Wednesday 22 November 2017

'Pacifist' Ancelotti ready for the battle

Sam Wallace

It is on page 43 of the English edition of Carlo Ancelotti's autobiography that he says he expects one day to be manager of Roma, the club where he spent eight happy years as a player under the eccentric regime of Nils Liedholm.

"Someday, I'm going to coach that team," Ancelotti says. "I have a debt of gratitude." Not for the first time yesterday Ancelotti felt obliged to deny that his visit to Rome this week was evidence that he was about to make good on that pledge.

Given that Ancelotti has freely admitted in the past to lying about his intentions in order to make life easier for himself, he cannot complain too much if we take that answer with a pinch of salt.

He won the 1983 Serie A title at Roma, an achievement he says that he will always remember best for the occasion when a police dog bit the unpopular Juventus player Sergio Brio on the backside in the tunnel at the Stadio Olimpico.

"We carried the dog in triumph on our shoulders," Ancelotti recalls, "when I think about the (1983) Scudetto, that (the dog bite) is the first image that comes into my head."

That intentionally absurd remark about the dog is a feature of Ancelotti's book, a brilliant piece of work that is very different to most football memoirs. It is indiscreet about people and players he still works with at Chelsea.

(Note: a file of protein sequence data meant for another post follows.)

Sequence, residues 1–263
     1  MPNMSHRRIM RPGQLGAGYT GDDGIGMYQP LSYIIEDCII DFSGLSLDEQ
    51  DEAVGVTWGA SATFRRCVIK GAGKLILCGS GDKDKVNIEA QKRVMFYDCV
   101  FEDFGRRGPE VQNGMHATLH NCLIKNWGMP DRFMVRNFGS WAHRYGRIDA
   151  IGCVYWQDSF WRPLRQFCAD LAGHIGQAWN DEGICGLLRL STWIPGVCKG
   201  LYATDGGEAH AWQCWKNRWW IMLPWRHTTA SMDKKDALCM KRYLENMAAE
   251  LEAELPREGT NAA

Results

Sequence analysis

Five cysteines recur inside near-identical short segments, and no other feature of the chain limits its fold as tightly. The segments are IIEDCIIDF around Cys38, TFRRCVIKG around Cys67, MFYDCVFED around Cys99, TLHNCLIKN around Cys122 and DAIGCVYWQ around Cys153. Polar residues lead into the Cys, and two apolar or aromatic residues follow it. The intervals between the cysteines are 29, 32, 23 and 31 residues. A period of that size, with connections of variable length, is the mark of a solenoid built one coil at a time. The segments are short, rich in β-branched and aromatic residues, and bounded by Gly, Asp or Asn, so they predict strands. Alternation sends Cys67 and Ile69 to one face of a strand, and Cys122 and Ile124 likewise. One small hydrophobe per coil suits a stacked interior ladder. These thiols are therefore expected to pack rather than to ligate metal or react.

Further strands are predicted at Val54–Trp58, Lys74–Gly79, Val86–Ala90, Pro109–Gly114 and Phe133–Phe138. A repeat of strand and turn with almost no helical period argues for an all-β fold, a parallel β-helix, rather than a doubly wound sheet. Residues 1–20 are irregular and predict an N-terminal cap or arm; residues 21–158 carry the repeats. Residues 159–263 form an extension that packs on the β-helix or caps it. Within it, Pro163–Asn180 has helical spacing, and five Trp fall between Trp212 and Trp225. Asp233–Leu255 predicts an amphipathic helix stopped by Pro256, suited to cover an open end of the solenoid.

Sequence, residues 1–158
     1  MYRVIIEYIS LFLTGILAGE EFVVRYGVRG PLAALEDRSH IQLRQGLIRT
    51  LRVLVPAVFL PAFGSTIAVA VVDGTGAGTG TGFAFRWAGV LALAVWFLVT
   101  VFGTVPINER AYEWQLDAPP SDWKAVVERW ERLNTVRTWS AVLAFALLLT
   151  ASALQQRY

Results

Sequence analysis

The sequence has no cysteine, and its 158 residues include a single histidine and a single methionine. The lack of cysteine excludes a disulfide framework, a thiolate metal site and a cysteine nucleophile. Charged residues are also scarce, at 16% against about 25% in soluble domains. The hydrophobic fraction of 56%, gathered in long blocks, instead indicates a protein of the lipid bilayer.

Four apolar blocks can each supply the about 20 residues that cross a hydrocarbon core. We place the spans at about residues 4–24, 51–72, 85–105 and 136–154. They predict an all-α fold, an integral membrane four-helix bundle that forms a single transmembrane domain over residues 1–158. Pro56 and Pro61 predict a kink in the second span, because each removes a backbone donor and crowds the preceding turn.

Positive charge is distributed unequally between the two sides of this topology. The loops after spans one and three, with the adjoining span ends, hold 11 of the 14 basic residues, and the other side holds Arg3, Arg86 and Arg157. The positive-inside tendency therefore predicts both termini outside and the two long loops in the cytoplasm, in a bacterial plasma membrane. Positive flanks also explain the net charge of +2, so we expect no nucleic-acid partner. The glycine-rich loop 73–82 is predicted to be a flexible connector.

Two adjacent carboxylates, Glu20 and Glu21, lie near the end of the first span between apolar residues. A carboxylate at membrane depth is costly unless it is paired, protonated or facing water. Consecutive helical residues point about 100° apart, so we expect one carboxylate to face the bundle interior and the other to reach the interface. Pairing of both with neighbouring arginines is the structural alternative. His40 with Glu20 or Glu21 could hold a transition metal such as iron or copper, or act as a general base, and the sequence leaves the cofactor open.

It is self-deprecating at every turn, often portraying the author as an insecure, overweight glutton who, in one instance, is so terrified at the prospect of telling Fenerbahce that he will not take up their offer of the coach's job that he gets his wife to make the call instead.

Somehow, you cannot imagine Alex Ferguson admitting to anything similar. But this is the Ancelotti portrayed by Ancelotti himself -- a funny, overwrought character, who is only too aware of his own flaws and might easily have stepped out of a Woody Allen movie.

That he has not always come across that way to the English football public at large is because his command of the language has not always allowed him. He is one of only three managers to have won the Premier League and FA Cup Double and yet, in three games' time, he will probably be gone.

If Ancelotti's Chelsea team win against Manchester United at Old Trafford tomorrow they will be thrust back into the title race in dramatic fashion. Given their slump between early November and mid-February it will be regarded as the great comeback in the league's recent history if they beat United and go on to win the title.

But the mood at Chelsea is such that, even if Ancelotti does deliver the club's fourth Premier League title, he will not be the manager next season.

Much is changing behind the scenes at Chelsea. The club's sporting director, Frank Arnesen, is leaving this summer to join Hamburg, having finally made strides with establishing the academy on a footing with other leading English clubs.

Many of those academy players developed under Arnesen over the last six years are now in the reserve side that will win the southern Premier League title if they beat Wolves on Monday. Win that and they play United for the national title, which the club have not won in 25 years.

Arnesen was the man who first approached Ancelotti in 2009 to take the Chelsea job and the two men have worked closely ever since.

His departure is one part of what promises to be a summer of transition. Roman Abramovich would appear, once again, to be impatient for change.